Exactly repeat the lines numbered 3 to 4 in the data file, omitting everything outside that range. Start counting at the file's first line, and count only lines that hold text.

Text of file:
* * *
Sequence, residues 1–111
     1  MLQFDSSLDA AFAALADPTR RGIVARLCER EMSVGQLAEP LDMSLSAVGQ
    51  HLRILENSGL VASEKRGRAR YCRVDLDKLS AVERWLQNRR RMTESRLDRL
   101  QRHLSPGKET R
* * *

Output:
    51  HLRILENSGL VASEKRGRAR YCRVDLDKLS AVERWLQNRR RMTESRLDRL
   101  QRHLSPGKET R